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OfficialWireGrind OP t1_j16ebqn wrote

In this context, origin is not the same thing as originator. I looked up every one of these words, and, in every instance, the references cited usage in the Spanish Language. It could be that the French Language acquired many of them at about the same time and from the same or from another source.


derphurr t1_j16jjn1 wrote

Adobe 1739, American English, from Spanish adobe "unburnt brick dried in the sun," which is said by 19c. Dutch Arabist Reinhart Dozy to be from oral form of Arabic al-tob "the brick," from Coptic tube "brick," a word found in hieroglyphics.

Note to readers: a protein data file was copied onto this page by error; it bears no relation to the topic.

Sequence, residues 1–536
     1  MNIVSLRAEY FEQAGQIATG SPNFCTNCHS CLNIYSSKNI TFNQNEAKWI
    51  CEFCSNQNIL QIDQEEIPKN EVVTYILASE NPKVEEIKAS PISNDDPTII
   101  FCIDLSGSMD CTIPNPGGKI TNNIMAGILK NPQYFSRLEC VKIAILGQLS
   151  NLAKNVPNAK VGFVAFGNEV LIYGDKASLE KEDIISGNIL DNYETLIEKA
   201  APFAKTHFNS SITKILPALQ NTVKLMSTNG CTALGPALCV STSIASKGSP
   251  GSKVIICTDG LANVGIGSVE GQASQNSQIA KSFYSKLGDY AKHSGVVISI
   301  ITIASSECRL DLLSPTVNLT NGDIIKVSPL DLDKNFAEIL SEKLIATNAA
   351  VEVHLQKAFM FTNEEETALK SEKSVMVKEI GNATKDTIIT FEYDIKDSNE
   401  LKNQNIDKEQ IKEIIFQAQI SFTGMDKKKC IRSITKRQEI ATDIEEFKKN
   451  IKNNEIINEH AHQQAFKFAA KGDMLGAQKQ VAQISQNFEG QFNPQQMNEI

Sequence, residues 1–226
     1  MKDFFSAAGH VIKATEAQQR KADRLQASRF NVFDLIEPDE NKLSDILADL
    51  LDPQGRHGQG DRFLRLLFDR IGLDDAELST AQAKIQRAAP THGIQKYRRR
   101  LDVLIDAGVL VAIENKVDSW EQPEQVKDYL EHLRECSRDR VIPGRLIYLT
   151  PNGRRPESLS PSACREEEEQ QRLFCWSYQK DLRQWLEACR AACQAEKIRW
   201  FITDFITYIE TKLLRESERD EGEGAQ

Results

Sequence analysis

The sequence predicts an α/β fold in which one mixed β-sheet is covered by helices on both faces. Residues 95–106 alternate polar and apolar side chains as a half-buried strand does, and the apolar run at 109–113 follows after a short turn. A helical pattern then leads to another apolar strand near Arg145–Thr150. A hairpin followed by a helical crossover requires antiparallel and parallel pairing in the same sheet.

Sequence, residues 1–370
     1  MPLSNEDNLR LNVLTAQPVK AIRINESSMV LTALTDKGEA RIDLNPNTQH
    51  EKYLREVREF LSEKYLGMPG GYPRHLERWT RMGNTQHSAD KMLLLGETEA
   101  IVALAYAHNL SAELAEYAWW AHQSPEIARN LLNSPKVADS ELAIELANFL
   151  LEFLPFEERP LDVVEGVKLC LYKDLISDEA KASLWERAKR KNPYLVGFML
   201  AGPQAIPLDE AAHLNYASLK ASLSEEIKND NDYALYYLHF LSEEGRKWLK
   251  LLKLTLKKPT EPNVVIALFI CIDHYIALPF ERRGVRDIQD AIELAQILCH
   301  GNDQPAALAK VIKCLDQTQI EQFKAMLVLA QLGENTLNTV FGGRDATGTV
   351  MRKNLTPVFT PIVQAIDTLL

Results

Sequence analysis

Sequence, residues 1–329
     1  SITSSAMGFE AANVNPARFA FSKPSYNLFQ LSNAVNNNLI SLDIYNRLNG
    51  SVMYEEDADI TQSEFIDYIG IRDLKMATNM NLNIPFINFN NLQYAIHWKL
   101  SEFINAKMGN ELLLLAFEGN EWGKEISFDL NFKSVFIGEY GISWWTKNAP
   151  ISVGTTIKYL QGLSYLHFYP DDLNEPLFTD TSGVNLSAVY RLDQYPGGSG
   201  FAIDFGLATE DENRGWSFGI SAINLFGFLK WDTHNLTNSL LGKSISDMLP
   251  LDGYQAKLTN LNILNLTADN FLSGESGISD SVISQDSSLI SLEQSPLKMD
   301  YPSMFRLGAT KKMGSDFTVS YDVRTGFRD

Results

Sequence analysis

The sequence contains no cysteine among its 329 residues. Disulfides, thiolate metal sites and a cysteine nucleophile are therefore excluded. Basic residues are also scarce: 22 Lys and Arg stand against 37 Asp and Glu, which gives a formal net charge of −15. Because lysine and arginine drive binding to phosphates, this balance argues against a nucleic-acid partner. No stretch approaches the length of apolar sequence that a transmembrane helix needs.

Other sources point to a Spanish adobar "daub, plaster," from the source of English daub (v.) late 14c., dauben, "to smear with soft, adhesive matter, to plaster or whitewash a wall"

canoe (n.) "light boat propelled by hand-held paddle or paddles," 1550s, originally in a West Indian context, from Spanish canoa, a word used by Columbus, from Arawakan (Haiti) canaoua.

French, from New Latin canoa, from Spanish, from Arawakan, of Cariban origin; akin to Carib kana:wa canoe. First Known Use: 1555. The Spanish spelling finally settled down on canoa about 1600.

Definitely none are Spanish origin. Potato, etc